Motivated by the challenge, we have always yearned for something new. Since the time of Louis Renault, competitive driving has marked our history and culture.
The early days
Very early on, Louis Renault became aware of the importance of sporting achievements in the development of brand image. On 24 December 1898, he proved the superiority of his first great innovation: direct drive transmission. The Type A car was the first to climb the rue Lepic in Montmartre. Following this success, Renault began to compete in motorsport and won a series of Grand Prix victories. The Renault Type K, equipped with the first engine designed by Renault, notably distinguished itself in the 1902 Paris-Vienna rally. The First World War brought a halt to motor racing in Europe, but Renault did not remain away from motorsport for long. The diamond brand returned to glory in the 1920s with the impressive Renault 40CV. Victorious at the Monte-Carlo Rally in 1925, it excelled in beating many track speed records of the time with its custom model.
In 1958, Renault appointed Italian constructor Amédée Gordini as head of the motorsport division. The legendary Renault 8 Gordini was born. It went on to become a symbol of success for a whole generation of drivers. Its huge popularity led to the creation in 1966 of the Renault 8 Gordini Cup, the first ever one-make racing series. In July 1970, the launch of the Renault 12 Gordini led to "G Day", a gathering of Gordini owners at the Paul Ricard Circuit. The spirit of this event continues today through the World Series by Renault. At the same time, Formula Renault made its appearance with the first cars using the engine from the Renault 12 Gordini. France hosts its first Formula Renault championship in 1971.
Takeover of Alpine
In 1973, Renault became the majority shareholder of Alpine, a small French manufacturer founded by Jean Rédélé, with which the brand had had links for many years. 1973 proved to be a good year for the brand as the Alpine A110 "Berlinette" won the first World Rally Championship.
Our Formula One history
Our beginnings in competitive driving
Our history with motorsport began with the arrival of Amédée Gordini, known for his Grand Prix cars. Renault built the Viry-Châtillon factory to house his creations. Thanks to Gordini, Renault concentrated first on a V6 2.0 L engine, which was unveiled in January 1973. It turned out to be competitive in the famous European 2-Litre Sports Car Championship. Bolstered by this success, Renault joined the FIA World Sports Car Championship and developed a turbo version of the engine.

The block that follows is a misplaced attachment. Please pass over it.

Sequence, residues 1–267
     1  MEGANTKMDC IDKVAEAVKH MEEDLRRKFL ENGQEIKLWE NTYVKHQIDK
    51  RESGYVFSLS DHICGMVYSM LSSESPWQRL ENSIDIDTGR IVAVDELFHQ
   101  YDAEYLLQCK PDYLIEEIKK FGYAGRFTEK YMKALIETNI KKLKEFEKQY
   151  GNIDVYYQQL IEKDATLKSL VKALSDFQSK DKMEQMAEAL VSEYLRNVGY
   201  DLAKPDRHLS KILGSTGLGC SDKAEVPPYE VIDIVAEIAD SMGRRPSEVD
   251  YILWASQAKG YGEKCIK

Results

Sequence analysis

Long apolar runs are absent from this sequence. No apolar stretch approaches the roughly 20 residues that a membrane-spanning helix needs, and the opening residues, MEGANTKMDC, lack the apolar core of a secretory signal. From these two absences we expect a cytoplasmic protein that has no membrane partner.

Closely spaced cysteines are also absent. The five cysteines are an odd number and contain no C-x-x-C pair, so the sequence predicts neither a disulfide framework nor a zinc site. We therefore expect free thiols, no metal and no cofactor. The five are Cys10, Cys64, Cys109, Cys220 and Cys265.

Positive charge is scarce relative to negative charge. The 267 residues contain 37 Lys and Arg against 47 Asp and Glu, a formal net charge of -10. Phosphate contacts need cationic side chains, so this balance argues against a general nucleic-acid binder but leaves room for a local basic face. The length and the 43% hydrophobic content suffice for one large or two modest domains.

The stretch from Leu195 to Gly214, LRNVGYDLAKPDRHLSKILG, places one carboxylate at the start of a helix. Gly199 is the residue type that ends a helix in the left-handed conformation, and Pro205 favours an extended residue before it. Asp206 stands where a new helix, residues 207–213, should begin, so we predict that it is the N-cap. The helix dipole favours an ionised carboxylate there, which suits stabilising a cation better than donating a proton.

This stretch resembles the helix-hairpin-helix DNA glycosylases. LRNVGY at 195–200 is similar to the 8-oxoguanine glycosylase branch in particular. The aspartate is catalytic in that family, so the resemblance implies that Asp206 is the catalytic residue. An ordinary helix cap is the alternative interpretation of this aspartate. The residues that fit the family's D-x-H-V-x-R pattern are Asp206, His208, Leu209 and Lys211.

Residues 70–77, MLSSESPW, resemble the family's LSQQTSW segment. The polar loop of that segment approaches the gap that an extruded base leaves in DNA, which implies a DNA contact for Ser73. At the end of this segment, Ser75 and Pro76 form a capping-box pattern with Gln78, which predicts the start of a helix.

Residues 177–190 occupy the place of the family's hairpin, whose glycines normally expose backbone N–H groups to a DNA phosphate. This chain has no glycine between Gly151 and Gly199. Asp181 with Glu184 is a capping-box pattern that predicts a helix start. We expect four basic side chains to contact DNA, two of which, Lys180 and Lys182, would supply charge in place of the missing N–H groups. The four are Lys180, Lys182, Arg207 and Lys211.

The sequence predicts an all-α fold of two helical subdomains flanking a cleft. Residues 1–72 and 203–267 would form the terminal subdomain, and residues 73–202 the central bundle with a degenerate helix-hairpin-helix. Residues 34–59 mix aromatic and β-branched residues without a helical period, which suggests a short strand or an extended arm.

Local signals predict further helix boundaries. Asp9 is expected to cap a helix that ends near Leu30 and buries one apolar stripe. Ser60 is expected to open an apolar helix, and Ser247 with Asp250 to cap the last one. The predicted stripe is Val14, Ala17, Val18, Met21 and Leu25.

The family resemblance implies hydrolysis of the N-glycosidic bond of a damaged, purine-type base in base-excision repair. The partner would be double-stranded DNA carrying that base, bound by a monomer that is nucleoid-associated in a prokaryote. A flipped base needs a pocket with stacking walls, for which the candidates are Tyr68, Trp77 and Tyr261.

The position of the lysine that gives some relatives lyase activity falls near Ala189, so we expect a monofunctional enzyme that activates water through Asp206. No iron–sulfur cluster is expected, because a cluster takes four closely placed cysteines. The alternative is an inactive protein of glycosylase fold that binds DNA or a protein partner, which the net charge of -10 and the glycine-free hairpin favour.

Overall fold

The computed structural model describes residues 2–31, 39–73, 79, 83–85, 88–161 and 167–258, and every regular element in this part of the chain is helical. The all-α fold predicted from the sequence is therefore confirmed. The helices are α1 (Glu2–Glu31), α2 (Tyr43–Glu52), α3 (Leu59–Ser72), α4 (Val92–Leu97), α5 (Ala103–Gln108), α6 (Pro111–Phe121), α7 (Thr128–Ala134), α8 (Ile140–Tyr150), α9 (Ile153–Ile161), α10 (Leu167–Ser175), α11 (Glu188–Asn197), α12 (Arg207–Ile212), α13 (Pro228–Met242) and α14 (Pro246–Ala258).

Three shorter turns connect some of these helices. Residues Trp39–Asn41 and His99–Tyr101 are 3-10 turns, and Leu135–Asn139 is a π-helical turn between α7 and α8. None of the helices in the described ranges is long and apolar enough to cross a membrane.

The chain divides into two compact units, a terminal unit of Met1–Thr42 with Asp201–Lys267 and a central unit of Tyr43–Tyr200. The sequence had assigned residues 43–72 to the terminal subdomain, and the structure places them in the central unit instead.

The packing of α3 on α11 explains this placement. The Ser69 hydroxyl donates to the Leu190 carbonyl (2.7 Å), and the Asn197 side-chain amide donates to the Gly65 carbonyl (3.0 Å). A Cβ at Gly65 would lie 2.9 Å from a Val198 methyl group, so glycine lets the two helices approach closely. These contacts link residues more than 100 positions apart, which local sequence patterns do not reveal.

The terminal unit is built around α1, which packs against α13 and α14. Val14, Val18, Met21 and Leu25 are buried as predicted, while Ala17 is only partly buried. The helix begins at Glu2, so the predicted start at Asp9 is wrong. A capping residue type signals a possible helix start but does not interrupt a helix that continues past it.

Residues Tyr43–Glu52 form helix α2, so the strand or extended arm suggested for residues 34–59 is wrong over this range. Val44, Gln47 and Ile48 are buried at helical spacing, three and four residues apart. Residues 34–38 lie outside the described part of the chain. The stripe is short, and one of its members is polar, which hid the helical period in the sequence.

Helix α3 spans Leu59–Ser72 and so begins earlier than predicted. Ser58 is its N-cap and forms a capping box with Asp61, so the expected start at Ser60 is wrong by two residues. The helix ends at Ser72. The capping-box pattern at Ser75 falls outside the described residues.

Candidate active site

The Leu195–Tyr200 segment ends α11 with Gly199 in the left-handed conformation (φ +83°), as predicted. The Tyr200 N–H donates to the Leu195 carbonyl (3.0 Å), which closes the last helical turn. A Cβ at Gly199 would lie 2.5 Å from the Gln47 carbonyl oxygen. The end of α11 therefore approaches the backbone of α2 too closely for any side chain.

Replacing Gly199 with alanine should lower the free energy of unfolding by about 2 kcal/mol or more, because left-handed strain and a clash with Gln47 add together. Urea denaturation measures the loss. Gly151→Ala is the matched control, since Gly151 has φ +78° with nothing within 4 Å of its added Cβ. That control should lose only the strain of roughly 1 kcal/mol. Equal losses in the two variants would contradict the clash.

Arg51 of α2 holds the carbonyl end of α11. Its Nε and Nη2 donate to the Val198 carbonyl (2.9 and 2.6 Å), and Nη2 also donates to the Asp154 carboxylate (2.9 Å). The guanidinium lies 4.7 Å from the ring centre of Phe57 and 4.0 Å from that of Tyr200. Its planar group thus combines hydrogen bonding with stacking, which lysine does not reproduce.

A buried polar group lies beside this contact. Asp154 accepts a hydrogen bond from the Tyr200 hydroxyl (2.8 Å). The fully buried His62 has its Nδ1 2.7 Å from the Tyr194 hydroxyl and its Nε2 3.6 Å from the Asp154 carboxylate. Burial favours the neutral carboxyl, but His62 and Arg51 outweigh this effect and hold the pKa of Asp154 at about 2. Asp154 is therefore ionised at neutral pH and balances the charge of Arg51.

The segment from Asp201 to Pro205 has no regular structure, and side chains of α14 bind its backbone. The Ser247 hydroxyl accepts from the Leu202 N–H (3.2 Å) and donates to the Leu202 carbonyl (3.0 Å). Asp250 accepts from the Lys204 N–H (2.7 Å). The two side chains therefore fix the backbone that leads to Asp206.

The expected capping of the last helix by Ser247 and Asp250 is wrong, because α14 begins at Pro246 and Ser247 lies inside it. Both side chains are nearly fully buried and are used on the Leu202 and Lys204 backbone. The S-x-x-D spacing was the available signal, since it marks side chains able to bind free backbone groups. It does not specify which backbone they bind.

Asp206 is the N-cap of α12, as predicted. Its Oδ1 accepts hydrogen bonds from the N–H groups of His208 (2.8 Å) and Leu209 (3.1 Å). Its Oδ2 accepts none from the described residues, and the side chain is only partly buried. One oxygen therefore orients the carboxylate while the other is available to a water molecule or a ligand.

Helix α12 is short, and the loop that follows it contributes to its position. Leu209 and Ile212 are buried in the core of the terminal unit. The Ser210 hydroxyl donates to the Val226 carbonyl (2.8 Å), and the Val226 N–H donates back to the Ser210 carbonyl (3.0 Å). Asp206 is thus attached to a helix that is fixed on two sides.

Our first steps in Formula One
Renault Sport was officially founded in 1976 while a single-seater competition programme was being launched: Formula 2, Sport Le Mans, then Formula One in 1977. Renault started out in Formula One as a team. The brand led the way with a key innovation: turbo. While its competitors used naturally-aspirated engines, Renault lined up a V6 turbocharged powerhouse. At the same time, Didier Pironi and Jean-Pierre Jaussaud won the 1978 24 Hours of Le Mans thanks to their Alpine-Renault A442B, powered by the Renault V6 turbo engine. The diamond brand achieved its first Formula One victory in 1979 in the French Grand Prix, with Jean-Pierre Jabouille at the wheel of an RS11. In the early 1980s, Renault won 15 Grand Prix and finished second in the 1983 World Championship thanks to Alain Prost, before withdrawing from the competition at the end of the 1985 season. Renault's gamble with the turbo engine, which nobody believed in at the time, really paid off.
Renault returned to Formula One in 2001 after buying team Benetton, before officially changing the name to Renault F1 Team in 2002. The rise of Renault F1 Team coincided with that of a certain Fernando Alonso, who won two consecutive World Drivers' titles in 2005 and 2006. The new team also won two constructors' titles in the same period. In 2011, Renault wanted to focus on its activities as an engine manufacturer for other teams. Renault F1 Team was sold to Genii Capital. Renault engines then came to drive the Red Bull Racing team to World Championship victory with four constructors' titles between 2010 and 2013. Sebastian Vettel entered the record books by becoming the youngest four-time world champion in the history of Formula One.
Renault returns as an official constructor
In 2016, we returned to Formula One as an official constructor. We have proved our worth at the heart of the sport over these past three years. We have really shined on the track with some great battles and fine performances. Off the track, we have established innovative marketing and public relations activities to increase our audience and engagement from fans.